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American Detective Fiction    Prior to July 1891

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  Published in
The New York Ledger, March 1, 1862.

This story was reprinted anonymously in The Berkshire County [MA] Eagle, November 27, 1862.

 
The Mysterious Robberies
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A Detective's Story
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by Emerson Bennett
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“We are quite alone, sir, as you see.”

“But sometimes, I am told,” he continued hesitatingly, “these kinds of places—I beg your pardon!  I mean no offence to you—sometimes, I say, I am told, these places are contrived for secret listeners.”

“But I have assured you, sir,” I replied, rather coldly, “that we are alone here, and if you doubt my word, perhaps you had better carry your secret, whatever it is, away with you.”

“Well, well,” he rejoined, somewhat hastily, “never mind,—I will take your word—I will trust you. And I have good authority for doing so, too!” he added, partly soliloquizing and partly addressing me. “You see, Mr. Larkin. As there is to be confidence between us, it is more than fair to tell you that I have been to a magistrate, asking for a trusty and secret police agent, of superior cunning and intelligence, and that Mr. George Larkin was named as the individual on whom I could rely in every . . .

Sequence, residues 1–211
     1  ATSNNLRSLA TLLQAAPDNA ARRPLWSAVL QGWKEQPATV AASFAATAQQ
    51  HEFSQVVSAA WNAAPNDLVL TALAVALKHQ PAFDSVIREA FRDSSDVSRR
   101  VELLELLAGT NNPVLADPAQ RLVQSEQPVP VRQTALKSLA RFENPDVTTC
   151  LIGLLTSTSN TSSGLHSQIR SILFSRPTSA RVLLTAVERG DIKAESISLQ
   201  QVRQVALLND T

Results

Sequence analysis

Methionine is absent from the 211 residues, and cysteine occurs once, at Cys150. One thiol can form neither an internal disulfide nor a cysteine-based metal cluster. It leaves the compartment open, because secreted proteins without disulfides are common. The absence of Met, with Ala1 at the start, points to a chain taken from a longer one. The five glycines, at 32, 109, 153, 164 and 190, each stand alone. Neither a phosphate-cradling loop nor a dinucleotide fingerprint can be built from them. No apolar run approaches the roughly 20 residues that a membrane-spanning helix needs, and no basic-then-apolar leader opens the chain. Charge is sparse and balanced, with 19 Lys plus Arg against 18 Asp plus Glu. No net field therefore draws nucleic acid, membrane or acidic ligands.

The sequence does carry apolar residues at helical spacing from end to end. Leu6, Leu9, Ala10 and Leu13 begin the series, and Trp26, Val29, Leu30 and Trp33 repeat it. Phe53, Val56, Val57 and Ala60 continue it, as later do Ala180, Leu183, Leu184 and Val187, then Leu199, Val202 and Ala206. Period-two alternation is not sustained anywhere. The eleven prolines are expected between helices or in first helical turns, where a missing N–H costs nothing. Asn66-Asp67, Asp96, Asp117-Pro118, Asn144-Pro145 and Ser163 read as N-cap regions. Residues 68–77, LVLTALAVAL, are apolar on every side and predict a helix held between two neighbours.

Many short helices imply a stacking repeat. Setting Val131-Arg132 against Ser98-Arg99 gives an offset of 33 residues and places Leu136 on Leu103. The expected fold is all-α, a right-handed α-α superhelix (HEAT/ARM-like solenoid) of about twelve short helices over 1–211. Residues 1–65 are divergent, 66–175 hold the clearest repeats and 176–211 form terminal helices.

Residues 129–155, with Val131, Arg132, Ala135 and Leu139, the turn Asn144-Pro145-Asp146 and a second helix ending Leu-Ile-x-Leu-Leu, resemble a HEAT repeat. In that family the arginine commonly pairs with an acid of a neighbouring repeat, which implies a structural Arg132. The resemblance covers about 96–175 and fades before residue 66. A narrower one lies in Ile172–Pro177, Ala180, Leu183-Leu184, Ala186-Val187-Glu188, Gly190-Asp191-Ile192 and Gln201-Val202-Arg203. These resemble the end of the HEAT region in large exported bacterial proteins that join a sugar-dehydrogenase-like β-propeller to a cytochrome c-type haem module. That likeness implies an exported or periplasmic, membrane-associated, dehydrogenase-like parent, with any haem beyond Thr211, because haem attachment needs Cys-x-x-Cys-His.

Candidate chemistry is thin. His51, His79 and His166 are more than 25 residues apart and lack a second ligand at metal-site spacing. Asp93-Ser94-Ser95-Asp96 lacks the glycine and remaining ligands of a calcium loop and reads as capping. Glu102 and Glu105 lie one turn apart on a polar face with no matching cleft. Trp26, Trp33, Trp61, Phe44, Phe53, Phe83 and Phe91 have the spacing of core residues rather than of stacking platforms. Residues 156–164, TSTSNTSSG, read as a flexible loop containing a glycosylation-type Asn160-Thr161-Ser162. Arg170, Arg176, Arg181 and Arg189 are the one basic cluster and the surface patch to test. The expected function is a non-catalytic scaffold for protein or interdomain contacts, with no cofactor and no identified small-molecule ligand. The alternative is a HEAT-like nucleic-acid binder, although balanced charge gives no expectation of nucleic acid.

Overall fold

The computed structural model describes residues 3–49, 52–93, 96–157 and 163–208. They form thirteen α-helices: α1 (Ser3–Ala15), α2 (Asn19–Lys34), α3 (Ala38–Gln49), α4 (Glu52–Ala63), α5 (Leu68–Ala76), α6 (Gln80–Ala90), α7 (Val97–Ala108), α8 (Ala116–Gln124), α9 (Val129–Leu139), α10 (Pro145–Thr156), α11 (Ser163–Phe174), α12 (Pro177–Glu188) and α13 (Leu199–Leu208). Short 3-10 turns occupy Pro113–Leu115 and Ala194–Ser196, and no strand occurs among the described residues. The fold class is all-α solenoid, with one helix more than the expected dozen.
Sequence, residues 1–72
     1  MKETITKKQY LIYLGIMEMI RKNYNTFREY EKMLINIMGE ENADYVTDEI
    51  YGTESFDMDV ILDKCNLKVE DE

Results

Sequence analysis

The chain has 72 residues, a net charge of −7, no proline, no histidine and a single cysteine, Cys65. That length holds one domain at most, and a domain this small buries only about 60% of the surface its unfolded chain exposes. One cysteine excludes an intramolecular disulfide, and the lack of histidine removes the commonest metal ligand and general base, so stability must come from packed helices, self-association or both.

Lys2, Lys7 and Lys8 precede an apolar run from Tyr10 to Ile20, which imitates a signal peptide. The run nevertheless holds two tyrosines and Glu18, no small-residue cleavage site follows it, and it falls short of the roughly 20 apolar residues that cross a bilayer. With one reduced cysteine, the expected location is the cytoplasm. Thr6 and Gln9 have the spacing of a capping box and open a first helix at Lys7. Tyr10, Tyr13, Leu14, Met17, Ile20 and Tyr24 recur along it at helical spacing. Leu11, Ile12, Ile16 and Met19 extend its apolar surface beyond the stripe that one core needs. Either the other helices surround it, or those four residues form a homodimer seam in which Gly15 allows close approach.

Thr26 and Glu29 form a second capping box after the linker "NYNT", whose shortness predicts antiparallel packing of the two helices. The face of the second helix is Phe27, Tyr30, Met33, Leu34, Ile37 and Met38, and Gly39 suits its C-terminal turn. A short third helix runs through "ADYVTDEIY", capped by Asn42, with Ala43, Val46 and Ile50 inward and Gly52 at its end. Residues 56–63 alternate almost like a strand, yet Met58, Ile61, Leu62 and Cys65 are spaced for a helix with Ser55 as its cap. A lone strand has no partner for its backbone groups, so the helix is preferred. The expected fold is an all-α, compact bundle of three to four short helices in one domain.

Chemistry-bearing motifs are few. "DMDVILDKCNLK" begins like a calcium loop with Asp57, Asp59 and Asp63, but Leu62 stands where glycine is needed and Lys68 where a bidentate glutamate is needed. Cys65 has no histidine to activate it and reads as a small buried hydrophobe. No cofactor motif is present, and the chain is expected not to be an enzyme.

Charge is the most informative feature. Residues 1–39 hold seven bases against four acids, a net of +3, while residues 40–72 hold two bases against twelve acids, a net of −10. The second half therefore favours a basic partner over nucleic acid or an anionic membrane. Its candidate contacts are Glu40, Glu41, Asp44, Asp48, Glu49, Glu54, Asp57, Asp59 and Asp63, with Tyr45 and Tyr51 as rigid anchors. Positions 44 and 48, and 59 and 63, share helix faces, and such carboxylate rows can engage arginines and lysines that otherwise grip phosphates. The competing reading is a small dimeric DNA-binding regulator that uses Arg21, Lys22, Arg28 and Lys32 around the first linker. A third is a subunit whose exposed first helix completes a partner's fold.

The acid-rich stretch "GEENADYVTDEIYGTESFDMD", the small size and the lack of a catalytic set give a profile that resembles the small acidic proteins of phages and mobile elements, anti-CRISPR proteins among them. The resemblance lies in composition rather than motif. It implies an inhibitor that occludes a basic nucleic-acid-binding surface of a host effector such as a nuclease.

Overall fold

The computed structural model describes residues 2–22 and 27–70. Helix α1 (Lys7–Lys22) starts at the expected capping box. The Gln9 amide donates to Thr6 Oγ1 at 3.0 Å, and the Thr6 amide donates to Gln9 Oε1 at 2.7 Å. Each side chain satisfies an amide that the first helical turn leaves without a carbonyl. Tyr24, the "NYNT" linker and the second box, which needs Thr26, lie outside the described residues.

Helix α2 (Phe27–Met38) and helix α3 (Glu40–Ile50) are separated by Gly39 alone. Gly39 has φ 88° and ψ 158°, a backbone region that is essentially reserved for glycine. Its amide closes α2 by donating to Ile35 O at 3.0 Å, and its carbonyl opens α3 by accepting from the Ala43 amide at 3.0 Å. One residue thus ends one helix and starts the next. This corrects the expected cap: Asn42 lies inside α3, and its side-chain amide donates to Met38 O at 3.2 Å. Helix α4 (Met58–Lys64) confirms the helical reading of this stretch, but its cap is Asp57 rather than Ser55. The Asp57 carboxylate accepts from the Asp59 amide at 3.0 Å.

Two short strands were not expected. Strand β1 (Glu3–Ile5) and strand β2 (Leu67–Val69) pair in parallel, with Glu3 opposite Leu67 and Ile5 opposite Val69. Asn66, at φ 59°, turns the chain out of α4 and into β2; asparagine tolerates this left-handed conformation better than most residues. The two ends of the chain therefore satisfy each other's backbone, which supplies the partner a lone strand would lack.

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    While sitting alone in my London office once one dull, dark, drizzly October afternoon, indulging in the luxury of a quiet smoke, the door opened in a timid, hesitating manner, and an old, wrinkled, gray-headed, gray-bearded man, poorly and shabbily dressed, shuffled in, and, throwing the glance of what was still a keen, restless, suspicious black eye over my person, said, in a subdued and what sounded like a humble tone, that he had called to see Mr. George Larkin.

“That is my name, sir,” returned I; “pray step forward and take a seat.”

The old man seemed to hesitate a moment, eyed me sharply, glanced warily about the apartment, and then observed, as he walked forward and sat down near me:

“I hope we are alone, Mr. Larkin, for my business concerns only our own two selves.”

   

 

 


 

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